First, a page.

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House prices: widest ever gulf between north and south

House prices in the south are now more than double those in the north, according to property website Rightmove.

House prices: widest ever gulf between north and south

House prices in the south are now more than double those in the north, according to Rightmove.

Asking prices in southern regions, such as London and East Anglia, rose by 4.7% in October, while northern regions, including Wales and the West and East Midlands, fell 0.7%.

The difference means the average property price in the south is now £336,743, compared with £164,347 in the north – the widest gulf ever recorded, according to the property website.

The national average increase, meanwhile, was 2.8%, with prices 1.2% higher than this time last year.

Mortgage approvals have increased to their highest level since November 2009, indicating a slight easing in the mortgage famine, Rightmove said. Figures from the Council of Mortgage Lenders (CML) last week showed the number of loans taken out is up 30% on last year, with lending levels to both first-time buyers and home movers at their highest for over a year.

Miles Shipside, the director of Rightmove, said: ‘Wider access to mortgages and rising asking prices are early signs of increasing demand, giving home owners some grounds for hope of a market recovery. However, the reality is that there is further evidence of the two-tier twist, which is dogging the return to more widespread liquidity in the housing market.

‘Those trading up will benefit from already being on the housing ladder, though the gap to trade up to the next rung is a bigger financial leap when prices rise like this and desirable homes are in short supply,’ he said. ‘Those who are not property owners, such as first-time buyers or those taking an ownership break in the rented sector, will either have to spend more or compromise on what they can afford.’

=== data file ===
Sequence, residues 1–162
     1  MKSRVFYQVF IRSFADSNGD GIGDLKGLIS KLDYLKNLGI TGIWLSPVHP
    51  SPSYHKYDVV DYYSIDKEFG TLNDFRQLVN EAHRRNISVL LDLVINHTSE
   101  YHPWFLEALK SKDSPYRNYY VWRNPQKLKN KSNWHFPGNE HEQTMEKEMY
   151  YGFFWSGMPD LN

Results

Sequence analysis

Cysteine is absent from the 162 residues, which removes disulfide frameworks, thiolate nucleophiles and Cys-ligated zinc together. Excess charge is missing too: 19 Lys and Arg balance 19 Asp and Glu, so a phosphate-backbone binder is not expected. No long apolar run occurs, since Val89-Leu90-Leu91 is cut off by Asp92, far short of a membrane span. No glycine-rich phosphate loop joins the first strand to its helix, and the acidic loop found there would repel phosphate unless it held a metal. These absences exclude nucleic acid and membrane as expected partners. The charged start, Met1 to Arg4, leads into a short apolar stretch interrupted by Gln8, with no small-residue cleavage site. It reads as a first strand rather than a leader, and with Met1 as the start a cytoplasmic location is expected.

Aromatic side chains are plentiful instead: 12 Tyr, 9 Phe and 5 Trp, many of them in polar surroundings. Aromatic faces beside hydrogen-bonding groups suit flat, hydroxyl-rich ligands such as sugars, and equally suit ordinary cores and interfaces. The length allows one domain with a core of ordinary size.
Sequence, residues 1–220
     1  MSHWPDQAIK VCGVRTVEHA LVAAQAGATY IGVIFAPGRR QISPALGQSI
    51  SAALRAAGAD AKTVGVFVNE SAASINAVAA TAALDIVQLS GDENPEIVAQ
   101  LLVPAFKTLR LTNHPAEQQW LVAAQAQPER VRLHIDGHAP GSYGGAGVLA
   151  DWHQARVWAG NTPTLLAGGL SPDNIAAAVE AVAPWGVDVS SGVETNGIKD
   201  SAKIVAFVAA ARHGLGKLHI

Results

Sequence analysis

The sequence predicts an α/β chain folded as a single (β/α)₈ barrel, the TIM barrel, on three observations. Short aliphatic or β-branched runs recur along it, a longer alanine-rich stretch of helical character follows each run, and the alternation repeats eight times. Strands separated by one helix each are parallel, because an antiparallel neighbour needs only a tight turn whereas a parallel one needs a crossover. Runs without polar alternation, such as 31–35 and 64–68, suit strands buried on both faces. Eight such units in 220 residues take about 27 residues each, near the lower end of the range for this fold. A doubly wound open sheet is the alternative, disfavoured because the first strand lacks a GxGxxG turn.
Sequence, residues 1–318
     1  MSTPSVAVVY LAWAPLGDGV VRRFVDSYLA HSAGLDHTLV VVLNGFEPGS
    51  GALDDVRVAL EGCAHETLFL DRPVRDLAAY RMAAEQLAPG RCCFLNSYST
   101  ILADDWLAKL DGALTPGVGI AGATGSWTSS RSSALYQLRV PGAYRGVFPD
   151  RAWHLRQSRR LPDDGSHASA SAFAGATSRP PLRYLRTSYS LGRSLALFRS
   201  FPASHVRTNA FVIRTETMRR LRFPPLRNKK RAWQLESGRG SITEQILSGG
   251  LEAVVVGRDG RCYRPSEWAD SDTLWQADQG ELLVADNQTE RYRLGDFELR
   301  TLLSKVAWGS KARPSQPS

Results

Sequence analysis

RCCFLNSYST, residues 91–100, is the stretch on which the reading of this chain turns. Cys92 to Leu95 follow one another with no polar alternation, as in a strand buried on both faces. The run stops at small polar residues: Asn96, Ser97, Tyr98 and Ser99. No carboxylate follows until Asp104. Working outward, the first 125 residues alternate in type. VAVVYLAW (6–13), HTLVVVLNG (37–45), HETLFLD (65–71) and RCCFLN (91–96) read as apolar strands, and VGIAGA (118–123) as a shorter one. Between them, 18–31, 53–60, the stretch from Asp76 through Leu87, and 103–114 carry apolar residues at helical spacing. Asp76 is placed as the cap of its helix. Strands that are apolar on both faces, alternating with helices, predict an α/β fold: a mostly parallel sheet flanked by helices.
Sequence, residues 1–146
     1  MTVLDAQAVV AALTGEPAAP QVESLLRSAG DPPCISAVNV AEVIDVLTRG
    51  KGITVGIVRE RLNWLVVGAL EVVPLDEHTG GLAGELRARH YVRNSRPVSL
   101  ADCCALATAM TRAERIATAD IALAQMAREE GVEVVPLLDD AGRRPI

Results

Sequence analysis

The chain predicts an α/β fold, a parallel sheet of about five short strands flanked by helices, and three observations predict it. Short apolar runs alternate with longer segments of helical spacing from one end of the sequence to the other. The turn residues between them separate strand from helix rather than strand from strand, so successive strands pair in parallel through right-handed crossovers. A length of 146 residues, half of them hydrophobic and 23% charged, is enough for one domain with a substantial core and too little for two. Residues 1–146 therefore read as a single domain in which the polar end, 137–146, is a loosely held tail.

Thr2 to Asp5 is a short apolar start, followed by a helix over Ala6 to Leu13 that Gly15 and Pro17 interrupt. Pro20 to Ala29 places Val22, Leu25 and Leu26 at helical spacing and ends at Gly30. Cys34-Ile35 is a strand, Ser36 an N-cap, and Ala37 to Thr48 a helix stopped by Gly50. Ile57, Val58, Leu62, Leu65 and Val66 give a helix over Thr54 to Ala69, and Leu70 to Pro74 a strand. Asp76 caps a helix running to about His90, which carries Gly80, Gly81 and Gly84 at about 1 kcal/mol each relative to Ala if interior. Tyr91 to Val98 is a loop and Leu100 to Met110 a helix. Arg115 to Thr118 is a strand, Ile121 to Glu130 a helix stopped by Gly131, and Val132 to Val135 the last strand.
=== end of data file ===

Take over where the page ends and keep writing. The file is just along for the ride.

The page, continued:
The news comes just a week after a report by the Royal Institution of Chartered Surveyors (Rics) revealed that prices fell last month and expected to continue falling for the rest of the year.

A recent survey by the Department of Communities and Local Government (DCLG), meanwhile, showed that although house prices have been inching up in the past three months, they are still 1.3% down on last year.

6 comments so far. Why not have your say?

Steven Cox

Oct 17, 2011 at 12:45

Great news for us up here in the green and pleasant north, where our money buys us decent-sized properties with good access to local and national road and rail networks.

Tried living in the south-east for several years, and I'll never go back!

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Nigel Bradley

Oct 17, 2011 at 13:00

The 2.8% increase is, when you look at it, an increase in "new sellers' asking prices". Sellers can ask what they like.

I'd rather trust the latest Land Registry figures which are a record of actual prices paid showing an annual overall reduction in prices of -2.6%. This is on August 2011 figures released September 2011. New figures available 28 October 2011 - watch this space.

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Allen Williams

Oct 17, 2011 at 20:29

Nigel is correct - asking price movements are not a reliable means of assessing market prices. There is little doubt that were the housing market a typical one it would be overdue for a downward "adjustment" but as the home is often a disproportionate proportion of household wealth, potential sellers are reluctant to settle for what the market might indicate. I can only suggest that, prices being rather lower outside the fleshpots of the south east, this effect may be correspondingly lesser. Or it may be that we up north have a rather more realistic and down-to-earth understanding of economics.

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george partridge

Oct 17, 2011 at 23:21

The price " rise" if there actually is one, is only driven by the desire to realise some sort of buffer against iflation by those with some capital, who are investing in the by to let, market, as interest rates are so low. With the rise in unemployment, this slight drive in the market can only prove to be a blip, in a housing market in a long period of decline. Invested for income, yes, but do not expect asset appreciation in this market.

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john cornford

Oct 18, 2011 at 09:09

what is the point telling us 'average' prices ? Average house sizes might be smaller up north for all we know. Why not price per sq foot or whatever ?

Why are commentators on house prices so innumerate ?

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charlie 12

Oct 18, 2011 at 09:18

Good point John - however it is very unlikely that houses in the north are significantly smaller - they may even be bigger. Let's create an index which the rest of the country can follow - the price of a Coronation Street house compared to an Eastenders one.

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